disabled students from feeling those ways that have been described and can, through various



Elizabeth Harrison, and Stacy Onderdonk-Liguori
Group Final Project: Learning Disabilities                                                  11
methods, strategies, and partnerships can instead produce confident, educated, students

regardless of their learning styles.




Elizabeth Harrison, and Stacy Onderdonk-Liguori
Group Final Project: Learning Disabilities                                    12
                                     References:


Ardila, Alfredo, and Rosselli, Monica. (2002). Acalculia and Dyscalculia. Neuropsychology
Review 12:4: 179-231 December 2002

Carona, Francine, D. (2001) Practice effects on the WAIS III. University of Tulsa Graduate
Review.

Christensen, C. (1999) Learning disabilities: issues of representation,power and the
medicalization of school power. In Sternberg, R and Spear-Swerling, L. (Eds.) Perspectives on
Learning Disabilities. Boulder: Westview Press.

Cratty, Byant, J., and Goodman, Richard, L. (1996). Learning disabilities: Contemporary
viewpoints. Amsterdam, Hardwood academic publishers.

Cruickshank, William, M., Morse, William, C., Johns, Jeanne, S. (1980). Learning Disabilities:
The struggle from adolescences toward adulthood. Syracuse New York, Johns University

Hock, Michael. (2000). Standards, assessments, and individualized education programs. In:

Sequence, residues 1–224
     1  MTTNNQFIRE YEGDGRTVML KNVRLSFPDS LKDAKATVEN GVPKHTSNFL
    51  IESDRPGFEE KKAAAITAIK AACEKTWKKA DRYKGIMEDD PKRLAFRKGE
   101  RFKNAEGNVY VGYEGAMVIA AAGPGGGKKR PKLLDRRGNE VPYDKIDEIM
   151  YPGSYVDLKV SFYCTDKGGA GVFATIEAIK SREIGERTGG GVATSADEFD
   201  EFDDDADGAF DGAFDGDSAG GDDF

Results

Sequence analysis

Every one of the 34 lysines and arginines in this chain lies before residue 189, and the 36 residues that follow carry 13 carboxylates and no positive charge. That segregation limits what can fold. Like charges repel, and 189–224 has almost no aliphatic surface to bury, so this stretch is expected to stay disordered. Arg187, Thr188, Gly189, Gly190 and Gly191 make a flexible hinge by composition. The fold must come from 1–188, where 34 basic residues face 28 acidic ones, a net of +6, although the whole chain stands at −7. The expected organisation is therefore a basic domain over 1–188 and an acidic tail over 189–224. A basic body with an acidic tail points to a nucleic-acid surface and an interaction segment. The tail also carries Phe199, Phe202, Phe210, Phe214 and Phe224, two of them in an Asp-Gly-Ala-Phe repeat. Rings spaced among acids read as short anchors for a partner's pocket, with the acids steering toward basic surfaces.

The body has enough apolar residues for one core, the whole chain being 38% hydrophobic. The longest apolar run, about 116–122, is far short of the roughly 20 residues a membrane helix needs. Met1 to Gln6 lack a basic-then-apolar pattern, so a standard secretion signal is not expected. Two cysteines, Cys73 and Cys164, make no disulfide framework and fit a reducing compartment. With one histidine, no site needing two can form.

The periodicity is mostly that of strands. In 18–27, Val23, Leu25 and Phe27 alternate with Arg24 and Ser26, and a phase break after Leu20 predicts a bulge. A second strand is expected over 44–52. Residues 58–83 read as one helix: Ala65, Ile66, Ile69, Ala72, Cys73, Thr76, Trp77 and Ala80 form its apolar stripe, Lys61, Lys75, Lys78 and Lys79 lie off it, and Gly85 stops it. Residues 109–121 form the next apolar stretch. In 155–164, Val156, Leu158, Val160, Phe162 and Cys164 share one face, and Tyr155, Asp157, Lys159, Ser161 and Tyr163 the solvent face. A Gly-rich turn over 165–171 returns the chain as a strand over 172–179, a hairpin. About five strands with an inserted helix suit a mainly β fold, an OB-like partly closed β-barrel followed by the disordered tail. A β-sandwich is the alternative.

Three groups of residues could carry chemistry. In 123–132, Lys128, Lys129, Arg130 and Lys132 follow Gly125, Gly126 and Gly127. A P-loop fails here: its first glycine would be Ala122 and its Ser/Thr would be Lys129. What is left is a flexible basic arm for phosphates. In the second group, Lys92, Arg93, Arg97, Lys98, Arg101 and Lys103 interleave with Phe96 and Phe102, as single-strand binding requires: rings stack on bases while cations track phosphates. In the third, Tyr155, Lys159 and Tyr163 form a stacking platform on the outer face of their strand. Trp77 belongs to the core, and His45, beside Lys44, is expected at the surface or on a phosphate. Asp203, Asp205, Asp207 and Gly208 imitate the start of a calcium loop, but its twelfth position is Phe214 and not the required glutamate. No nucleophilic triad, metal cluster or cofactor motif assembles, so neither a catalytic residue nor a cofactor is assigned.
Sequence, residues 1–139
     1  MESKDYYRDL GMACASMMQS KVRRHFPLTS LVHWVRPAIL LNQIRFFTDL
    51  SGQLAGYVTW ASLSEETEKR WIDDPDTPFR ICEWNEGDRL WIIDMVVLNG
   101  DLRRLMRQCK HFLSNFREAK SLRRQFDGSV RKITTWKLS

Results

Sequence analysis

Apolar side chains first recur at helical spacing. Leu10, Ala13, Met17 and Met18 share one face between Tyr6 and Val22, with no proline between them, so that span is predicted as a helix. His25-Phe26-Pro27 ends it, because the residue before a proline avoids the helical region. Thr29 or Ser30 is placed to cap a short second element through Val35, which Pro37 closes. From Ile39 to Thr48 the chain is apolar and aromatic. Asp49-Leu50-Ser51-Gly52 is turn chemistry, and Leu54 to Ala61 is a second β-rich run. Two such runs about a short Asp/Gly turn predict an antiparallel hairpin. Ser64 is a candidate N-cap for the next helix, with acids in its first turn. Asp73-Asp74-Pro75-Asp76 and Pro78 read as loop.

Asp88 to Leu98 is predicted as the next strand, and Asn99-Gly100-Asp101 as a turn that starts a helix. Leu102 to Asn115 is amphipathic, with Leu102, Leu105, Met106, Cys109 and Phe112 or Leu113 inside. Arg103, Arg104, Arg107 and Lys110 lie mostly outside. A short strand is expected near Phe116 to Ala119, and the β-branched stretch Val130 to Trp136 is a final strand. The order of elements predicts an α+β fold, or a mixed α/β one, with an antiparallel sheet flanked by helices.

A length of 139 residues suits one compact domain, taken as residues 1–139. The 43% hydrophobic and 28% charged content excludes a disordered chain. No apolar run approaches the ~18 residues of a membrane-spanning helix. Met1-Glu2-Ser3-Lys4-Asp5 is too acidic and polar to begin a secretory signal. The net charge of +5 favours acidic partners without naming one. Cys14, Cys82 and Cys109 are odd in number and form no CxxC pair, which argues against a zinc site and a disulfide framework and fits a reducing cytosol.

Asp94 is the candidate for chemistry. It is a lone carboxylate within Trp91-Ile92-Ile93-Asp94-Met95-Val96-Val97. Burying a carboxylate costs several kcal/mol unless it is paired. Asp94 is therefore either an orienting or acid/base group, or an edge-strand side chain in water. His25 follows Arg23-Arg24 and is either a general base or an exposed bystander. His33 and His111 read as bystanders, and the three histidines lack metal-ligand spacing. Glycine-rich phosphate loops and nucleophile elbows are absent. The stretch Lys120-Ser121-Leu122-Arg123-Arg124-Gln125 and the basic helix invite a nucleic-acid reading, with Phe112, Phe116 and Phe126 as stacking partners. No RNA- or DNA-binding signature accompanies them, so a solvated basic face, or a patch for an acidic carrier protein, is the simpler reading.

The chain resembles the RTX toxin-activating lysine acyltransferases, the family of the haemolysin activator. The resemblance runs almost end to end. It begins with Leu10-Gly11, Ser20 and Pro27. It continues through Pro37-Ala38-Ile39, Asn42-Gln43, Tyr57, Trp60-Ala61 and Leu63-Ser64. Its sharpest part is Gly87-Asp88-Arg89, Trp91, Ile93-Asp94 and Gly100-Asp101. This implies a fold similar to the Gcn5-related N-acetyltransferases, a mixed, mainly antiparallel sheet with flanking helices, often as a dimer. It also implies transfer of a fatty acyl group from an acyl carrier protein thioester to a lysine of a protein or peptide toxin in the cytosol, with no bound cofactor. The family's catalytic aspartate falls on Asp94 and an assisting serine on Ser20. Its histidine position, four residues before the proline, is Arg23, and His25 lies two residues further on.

Villa, R. and Thousand, J. (eds.) Restructuring for caring and effective education. Baltimore,
Brookes Publishing.

Lerner, J. (1981). Learning Disabilities: Theories, Diagnosis and Teaching Strategies. Boston,
Houghton Mifflin Company.

Oakes, Jeannie and Lipton, Martin, (2003). Teaching to change the world. New York McGraw
Hill.

Rasanen, P., and Ahonen, T. (1995). Arithmetic disabilities with and without reading difficulties:
A comparison of arithmetic errors. Dev. Neuropsychology. 11: 257-298

Shalev, R. S., Auerbach, J., and Gross-Tsur, V. (1995a). Developmental dyscalculia behavioral
and attentional aspects: A research note. J. Child Psychol. Psychiatry 36:1261-1268

Shalev, R. S., Manor, O., Amir, N., Wertman, E., and Gross-Tsur, V. (1995b). Developmental
dyscalculia and brain laterality. Cortex 31: 357-365

Sokol, S. M, Macaruso, P., and Gollan, T. H. (1994). Developmental dyscalculia and cognitive
neuropsychological. Dev. Neuropsychol. 10: 413-442

National Institute for Learning Disabilities, www.nild.net
National Center for Learning Disabilities, www.ld.org
National Information Center for Children and Youth with Disabilities, www.nichcy.org

Elizabeth Harrison, and Stacy Onderdonk-Liguori
Group Final Project: Learning Disabilities                                              13
Psychology Today, www.psychologytoday.com
Medical Library: www.chclibrary.org/micromed/00070770.html




Elizabeth Harrison, and Stacy Onderdonk-Liguori
Group Final Project: Learning Disabilities                   14